Sylvia Earle’s warnings about Gulf deserve prime-time attention

Dolphins (c) Ron Wooten

Oceanographer Sylvia Earle’s warnings about Gulf deserve prime-time attention

By now most of us have seen those feel-good television spots featuring a Louisianan, an Alabaman, a Mississippian and a Floridian, all smiling and boasting good-naturedly about the relative advantages of their home state as a tourist destination. With a clear emphasis on the many pleasures of the coastline of the Gulf of Mexico shared by all.

The object is to draw visitors to spotless beaches and crystal waters, along with historical attractions, golf courses and, of course, food! Endless buffets of mouth-watering dishes served fresh from the bounty of the Gulf.

The message to prospective tourists is that the widely publicized miseries brought by the April 2010 BP spill are a thing of the distant past. A homegrown BP spokesman proclaims that things are better than ever, and urges one and all to come on down!

Crude OIl

The ads are sponsored and paid for by BP, as part of its settlement for the harm caused to these same waters and fragile coastlines by the 2010 Macondo spill offshore Louisiana. And they’re very effective. We’d guess they’ve raised the visibility and favorable images of all four states by a measurable amount.

We don’t for a minute believe that the Macondo spill, which claimed 11 lives and spread its tarry mess across environmentally sensitive areas for hundreds of miles, was a good thing in any way, shape or form. It was a nightmare that must not be repeated.

But we concede the spill may have served one unintended but constructive purpose: raising national and international awareness of the Gulf of Mexico’s many valuable uses – as home for a large and prosperous fishing industry, host to oil and gas rigs that supply 30 percent of our nation’s petroleum needs and not incidentally, as a place of subtle natural beauty that is attractive as a tourist destination.

If our neighbors to the east get an economic boost from the BP ads, and the Gulf itself claims a place in more people’s minds, so much the better. Up to a point.

That point is the one at which we make a 180-degree swivel to embrace the quite different views of oceanographer Sylvia Earle concerning these ads and the larger consequences of selling the Gulf to tourists.

For more than half a century, Earle has served as the conscience of the Gulf. Explorer-in-residence at the National Geographic Society, the diminutive Earle is referred to by her legion of admirers as “Her Deepness,” for both her skills as an intrepid diver and her depth of thought about vital issues such as the long-term health of the Gulf and all of the world’s oceans.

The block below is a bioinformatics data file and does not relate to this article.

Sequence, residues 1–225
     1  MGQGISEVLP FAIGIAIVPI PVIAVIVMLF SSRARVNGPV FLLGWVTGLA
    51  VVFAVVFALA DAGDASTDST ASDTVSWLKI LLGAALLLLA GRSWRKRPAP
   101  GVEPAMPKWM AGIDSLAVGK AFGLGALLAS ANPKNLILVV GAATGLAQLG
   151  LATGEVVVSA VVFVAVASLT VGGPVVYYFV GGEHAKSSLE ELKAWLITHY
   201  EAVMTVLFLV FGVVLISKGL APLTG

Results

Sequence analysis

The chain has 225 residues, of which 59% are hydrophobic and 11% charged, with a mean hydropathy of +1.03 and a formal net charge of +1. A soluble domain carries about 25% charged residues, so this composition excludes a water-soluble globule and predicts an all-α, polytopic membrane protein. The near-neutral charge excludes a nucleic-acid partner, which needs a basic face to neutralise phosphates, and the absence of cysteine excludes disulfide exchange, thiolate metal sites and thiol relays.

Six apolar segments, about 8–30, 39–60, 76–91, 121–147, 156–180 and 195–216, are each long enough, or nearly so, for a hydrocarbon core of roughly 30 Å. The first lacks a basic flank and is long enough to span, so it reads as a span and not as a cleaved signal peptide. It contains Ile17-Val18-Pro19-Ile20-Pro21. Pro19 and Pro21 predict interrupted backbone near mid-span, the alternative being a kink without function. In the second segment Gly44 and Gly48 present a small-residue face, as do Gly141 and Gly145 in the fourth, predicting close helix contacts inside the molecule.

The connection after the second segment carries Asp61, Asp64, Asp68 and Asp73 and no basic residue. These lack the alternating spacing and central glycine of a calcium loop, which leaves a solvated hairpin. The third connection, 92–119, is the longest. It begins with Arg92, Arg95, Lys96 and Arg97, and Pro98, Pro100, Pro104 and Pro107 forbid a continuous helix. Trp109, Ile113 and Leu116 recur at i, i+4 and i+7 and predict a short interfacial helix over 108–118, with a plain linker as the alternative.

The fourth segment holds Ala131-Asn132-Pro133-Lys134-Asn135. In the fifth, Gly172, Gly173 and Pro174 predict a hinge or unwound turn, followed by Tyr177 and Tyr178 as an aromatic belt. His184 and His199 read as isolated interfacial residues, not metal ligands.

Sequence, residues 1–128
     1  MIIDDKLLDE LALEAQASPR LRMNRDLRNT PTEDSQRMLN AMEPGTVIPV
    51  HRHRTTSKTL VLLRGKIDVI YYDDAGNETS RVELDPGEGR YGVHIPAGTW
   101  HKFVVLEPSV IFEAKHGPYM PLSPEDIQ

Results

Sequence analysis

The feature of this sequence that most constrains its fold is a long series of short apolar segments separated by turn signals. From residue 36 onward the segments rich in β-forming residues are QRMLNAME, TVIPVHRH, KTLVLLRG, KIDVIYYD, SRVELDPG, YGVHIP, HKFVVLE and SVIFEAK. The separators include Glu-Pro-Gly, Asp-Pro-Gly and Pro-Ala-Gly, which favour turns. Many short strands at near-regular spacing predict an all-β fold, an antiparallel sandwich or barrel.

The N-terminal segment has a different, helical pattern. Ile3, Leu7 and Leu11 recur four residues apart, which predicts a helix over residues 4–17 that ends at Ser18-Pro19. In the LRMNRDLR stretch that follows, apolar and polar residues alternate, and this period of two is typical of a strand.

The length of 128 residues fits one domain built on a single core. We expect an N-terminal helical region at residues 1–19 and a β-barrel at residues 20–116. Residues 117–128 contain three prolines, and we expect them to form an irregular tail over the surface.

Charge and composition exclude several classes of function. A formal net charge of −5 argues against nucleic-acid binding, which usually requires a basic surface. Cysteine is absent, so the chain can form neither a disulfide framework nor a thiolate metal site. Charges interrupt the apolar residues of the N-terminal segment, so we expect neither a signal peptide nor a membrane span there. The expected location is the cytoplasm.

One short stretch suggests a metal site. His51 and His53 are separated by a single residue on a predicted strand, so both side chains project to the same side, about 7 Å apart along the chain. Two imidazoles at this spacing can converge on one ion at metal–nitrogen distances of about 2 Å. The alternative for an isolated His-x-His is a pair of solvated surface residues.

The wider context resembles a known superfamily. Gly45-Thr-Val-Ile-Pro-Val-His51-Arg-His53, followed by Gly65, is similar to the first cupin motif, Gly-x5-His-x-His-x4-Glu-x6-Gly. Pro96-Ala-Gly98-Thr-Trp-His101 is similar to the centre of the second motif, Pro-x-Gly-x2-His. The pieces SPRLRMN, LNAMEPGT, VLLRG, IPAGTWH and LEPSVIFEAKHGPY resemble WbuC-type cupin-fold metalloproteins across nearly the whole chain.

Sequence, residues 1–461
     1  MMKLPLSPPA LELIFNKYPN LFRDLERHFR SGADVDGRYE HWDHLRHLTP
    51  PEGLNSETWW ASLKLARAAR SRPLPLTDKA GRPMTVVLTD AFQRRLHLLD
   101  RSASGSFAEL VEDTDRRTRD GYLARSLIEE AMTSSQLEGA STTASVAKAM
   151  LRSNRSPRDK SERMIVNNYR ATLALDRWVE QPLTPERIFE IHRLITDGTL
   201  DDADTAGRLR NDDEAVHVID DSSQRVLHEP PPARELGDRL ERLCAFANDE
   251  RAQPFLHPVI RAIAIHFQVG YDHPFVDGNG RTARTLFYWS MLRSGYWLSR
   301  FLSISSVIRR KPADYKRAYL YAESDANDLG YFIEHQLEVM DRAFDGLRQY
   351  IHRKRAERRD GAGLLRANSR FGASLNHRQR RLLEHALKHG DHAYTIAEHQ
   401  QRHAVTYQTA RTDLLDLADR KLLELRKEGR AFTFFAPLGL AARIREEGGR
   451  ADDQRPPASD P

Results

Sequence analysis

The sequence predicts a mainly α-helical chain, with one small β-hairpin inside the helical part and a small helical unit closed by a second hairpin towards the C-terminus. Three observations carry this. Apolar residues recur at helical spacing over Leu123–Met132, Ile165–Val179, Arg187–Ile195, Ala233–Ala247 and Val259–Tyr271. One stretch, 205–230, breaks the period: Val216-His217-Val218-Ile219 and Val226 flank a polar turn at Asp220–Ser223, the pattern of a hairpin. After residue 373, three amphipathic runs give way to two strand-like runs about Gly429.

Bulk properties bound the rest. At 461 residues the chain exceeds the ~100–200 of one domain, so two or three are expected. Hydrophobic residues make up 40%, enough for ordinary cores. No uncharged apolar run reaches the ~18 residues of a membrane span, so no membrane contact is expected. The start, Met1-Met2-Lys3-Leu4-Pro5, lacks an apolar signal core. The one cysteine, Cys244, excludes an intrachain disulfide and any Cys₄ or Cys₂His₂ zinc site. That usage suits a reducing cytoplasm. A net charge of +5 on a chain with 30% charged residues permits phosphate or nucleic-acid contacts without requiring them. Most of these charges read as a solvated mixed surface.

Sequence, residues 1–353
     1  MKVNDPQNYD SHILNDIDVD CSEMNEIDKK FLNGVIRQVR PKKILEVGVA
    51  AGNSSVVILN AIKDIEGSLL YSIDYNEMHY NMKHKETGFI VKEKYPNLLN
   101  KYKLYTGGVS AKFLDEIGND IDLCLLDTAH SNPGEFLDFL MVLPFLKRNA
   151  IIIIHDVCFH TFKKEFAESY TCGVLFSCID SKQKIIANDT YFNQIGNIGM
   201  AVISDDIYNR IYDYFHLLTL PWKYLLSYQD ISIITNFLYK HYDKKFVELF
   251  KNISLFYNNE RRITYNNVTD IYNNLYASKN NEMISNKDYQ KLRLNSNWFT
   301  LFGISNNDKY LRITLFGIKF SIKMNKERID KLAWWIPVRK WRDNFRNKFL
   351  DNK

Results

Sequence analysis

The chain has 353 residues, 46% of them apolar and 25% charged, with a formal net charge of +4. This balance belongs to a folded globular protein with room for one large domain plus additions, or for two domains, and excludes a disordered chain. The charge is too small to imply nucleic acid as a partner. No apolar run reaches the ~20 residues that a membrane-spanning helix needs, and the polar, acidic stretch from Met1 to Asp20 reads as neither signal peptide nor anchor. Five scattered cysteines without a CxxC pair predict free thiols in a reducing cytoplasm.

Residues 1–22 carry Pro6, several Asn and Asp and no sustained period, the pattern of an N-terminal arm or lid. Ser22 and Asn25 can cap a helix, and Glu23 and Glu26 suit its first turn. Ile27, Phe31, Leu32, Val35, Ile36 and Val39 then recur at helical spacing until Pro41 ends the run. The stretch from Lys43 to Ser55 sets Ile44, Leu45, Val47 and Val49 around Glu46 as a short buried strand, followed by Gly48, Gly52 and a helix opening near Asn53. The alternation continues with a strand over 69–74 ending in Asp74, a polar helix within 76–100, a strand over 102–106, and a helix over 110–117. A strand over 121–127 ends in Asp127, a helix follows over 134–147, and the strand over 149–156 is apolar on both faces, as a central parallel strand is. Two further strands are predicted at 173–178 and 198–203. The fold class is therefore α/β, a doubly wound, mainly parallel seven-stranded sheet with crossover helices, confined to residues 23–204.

Crude Oil to the Horizon (c) Ron Wooten Photography

If Sylvia Earle had her wish, the tone of BP’s advertising campaign would look and sound quite different:

  • It would make the case for creating a national parks system in Gulf waters that would mirror those inspired on land by the likes of President Teddy Roosevelt and the conservationist/photographer John Muir. During the administration of George H.W. Bush, the small but biologically rich Flower Garden Banks 100 miles south of the Louisiana/Texas border were declared a marine sanctuary, and George W. Bush used his power as president to establish the largest area in the ocean where even the fish have a safe haven around the Northwestern Hawaiian Islands. It is an idea whose time has come.
  • It would de-emphasize gorging on shrimp, tuna, grouper, snapper and other native Gulf species in favor of “fish watching,” a la the bird watching done on the North American flyway on the coast not far from Houston.
  • It would make the case for giving what she calls the Great Blue Engine of the Gulf of Mexico a break from fishing and other extractive activities in special, vital areas. Giving back to the ecosystem that has given us so much.
  • It would showcase the bigger picture: Nearly 60 percent of the freshwater rivers, streams and creeks in North America eventually flow into the Gulf – and that is not always a good thing. Agribusiness in the Midwest on a huge scale has yielded enormous deposits of fertilizer that create seasonal “dead zones” downstream at the mouth of the Mississippi. These dead zones could soon spread as far west as Galveston Bay, harming highly valued recreational and fishing resources in this area.

We could elaborate. But Earle’s reputation speaks for itself. And she speaks ably in defense of the health of the Gulf of Mexico.

Photo: (c) Ron Wooten

Through her work with the National Geographic Society and her association with the Harte Research Institute for the Gulf of Mexico at Texas A&M Corpus Christi, she already has a sizable megaphone with which to communicate needed warnings about the dangers facing our aquatic front porch.

Wouldn’t it make for interesting viewing if BP chose to do a series of commercials featuring Sylvia Earle and some of her warnings about the Gulf?